Saturday night 7 mai 1988
I must speak of the letter I received three days ago. Je ne peux pas te dire jusqu’à quel point tu m’as fait mal. Ce n’est pas pour te culpabiliser, mais pour te dire la verité – chose qui t’a échappé, paraît-il.
Forgive me if I seem at some remove. I am distant from everything at the moment and from myself, as if I am thinking inside an echo chamber rather than feeling, and so I am writing from that same place. It is dark here where I am, and cold, though Spring is arriving at last outside my window.
I will come to the point. I hear your explanations, but I do not trust them.
You are apologetic and eloquent, il faut le dire. But you have lied, at worst. You have misled, at best.
You say you would like to remain friends and more, that your sentiments are unchanged, that you did not know how to tell me but felt that you must no matter what, that you were trapped by circumstances and your own emotions and you hope I can understand. All I can say to you is excuses are easy and the truth is harder. Don’t we all deserve the truth before we are broken by it?
I would like to think that friendship will be possible, but that is as much as I can say, and looking back over your beautiful letters I wonder, were I in your shoes, how I would have included the right words or known the best moment at which to say them.
Couldn’t you have found a way when we were together? At least then I could have seen your eyes, and perhaps known for myself what to believe.
Right now I have my own troubles. That isn’t the word I’m searching for but it will have to suffice. I am struggling to put the sentence together, to use the precise terms because I cannot bear to speak them or write them and so I will say them here and now straight away. My grandmother has died.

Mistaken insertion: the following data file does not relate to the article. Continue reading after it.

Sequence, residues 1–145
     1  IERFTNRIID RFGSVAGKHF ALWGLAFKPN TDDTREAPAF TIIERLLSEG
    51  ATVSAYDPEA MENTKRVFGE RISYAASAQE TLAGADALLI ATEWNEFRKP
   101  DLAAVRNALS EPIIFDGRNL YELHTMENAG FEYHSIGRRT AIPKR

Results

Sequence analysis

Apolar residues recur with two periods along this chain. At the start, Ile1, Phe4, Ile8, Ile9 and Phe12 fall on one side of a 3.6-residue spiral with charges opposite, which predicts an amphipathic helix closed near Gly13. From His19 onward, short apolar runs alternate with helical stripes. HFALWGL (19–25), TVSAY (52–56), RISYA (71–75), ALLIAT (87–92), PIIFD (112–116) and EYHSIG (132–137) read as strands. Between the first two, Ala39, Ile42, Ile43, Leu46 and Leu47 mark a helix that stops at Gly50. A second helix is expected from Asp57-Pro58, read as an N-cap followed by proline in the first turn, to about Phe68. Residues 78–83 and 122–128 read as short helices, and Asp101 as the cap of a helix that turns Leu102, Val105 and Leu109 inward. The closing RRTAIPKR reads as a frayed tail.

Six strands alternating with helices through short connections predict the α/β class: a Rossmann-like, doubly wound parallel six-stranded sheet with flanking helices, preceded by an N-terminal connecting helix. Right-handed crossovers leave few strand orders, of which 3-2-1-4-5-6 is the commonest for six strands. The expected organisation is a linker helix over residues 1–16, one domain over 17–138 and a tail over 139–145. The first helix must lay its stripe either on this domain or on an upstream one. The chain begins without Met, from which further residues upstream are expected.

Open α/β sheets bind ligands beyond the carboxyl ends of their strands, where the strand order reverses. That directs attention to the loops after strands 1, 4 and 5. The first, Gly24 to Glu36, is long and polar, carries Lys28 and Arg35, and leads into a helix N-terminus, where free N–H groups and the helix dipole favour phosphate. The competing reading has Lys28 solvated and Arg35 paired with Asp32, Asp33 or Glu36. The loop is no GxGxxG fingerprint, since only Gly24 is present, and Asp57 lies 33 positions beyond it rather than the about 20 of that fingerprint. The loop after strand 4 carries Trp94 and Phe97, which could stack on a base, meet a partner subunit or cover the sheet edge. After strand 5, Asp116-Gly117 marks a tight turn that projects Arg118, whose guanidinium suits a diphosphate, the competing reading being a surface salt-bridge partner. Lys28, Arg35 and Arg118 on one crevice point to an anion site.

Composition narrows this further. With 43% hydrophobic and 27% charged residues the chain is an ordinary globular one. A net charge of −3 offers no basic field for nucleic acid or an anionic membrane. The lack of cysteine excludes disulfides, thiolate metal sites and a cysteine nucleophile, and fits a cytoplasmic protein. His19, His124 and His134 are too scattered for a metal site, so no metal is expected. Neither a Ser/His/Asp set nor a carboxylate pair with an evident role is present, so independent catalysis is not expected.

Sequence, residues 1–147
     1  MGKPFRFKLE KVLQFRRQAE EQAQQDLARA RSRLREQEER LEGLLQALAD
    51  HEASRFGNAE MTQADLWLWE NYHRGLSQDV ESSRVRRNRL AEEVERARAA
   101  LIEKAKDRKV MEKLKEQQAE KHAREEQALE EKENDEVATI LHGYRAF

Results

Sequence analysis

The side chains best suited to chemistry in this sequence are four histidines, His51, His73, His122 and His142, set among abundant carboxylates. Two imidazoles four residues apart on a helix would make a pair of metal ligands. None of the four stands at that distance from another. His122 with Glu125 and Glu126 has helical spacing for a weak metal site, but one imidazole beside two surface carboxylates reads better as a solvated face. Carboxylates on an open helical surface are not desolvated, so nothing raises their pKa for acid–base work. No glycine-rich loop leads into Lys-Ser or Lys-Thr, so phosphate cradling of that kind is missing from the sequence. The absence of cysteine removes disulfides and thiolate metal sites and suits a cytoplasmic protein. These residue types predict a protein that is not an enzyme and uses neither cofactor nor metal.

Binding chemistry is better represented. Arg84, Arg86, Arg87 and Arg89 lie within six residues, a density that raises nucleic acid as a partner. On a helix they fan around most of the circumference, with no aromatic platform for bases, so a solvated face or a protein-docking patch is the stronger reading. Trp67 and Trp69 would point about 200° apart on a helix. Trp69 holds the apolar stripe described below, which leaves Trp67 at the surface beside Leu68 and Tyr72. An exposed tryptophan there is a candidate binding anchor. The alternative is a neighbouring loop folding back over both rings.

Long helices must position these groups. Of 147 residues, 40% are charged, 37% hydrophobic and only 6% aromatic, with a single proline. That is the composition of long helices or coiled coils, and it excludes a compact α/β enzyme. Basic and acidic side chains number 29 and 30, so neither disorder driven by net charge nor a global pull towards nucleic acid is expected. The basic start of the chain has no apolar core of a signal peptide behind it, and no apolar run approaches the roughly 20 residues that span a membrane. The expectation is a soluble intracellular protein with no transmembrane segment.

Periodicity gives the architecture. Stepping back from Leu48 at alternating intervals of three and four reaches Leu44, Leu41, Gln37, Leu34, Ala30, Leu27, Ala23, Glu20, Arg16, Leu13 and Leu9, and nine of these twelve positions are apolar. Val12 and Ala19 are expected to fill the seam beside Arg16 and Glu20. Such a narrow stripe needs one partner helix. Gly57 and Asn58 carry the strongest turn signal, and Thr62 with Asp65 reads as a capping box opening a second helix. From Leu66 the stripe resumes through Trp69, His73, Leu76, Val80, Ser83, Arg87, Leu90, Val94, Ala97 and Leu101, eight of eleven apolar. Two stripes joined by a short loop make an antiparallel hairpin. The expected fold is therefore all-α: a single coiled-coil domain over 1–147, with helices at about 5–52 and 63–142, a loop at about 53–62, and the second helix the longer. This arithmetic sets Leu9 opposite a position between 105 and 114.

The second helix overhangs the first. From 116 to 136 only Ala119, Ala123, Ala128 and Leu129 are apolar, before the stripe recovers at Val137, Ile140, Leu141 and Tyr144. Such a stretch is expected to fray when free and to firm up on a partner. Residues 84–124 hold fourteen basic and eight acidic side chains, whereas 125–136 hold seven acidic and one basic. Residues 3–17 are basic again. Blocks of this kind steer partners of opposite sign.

She was old, nearly ninety, but she was never old to me – only beautiful and strong and funny and proud. Always proud. I have loved her since I was a child and the thought of her gone is implausible; je me sens déséquilibrée, utterly off-balance, numbed as I was after my father’s sudden death.
Someone you love is there. Someone you love is gone. And now your letter.
Is this another death?
At first I was furious and wrote you an angry response which I will not send. I have put that letter away. Perhaps I will show it to you someday. Perhaps we will never speak again and the paper will disintegrate with time, forgotten in a book or drawer. Perhaps I will never post these words at all, and leave you to the same silence that you chose for so long. It is silence that pours through me, do you understand? Silence. It is not the same as quiet.
For now, there is only this hollow that widens and my insomnia that persists and no room for my own voice and certainly not for your stories. There is of course the office and the work, which I manage with everything and I’m grateful that is the case, though I am unsure how that happens. We hold tightly to our rituals of routine, preparations, legalities, formalities. In life. In death.
Us? You write to me of us? Is there an us?
Your explanations, your actions, your absence of both in such an important matter all these months as I came to love you and you knew it – j’arrive pas à comprendre. What do I do with this information? With this mess?
Your news leaves me breathless and foolish and doubting everything you have said. I feel tiny, Jean-Marc. But you – you are small to me now.
I appreciate your note and drawing of the flowers which arrived the day prior. Le muguet de mai – c’est ça? I didn’t realize you possessed such talent. But I find it an odd offering of happiness and affection, given your letter that followed.
I will write when I can find the words. I must get through these next terrible days and weeks. Please do not contact me.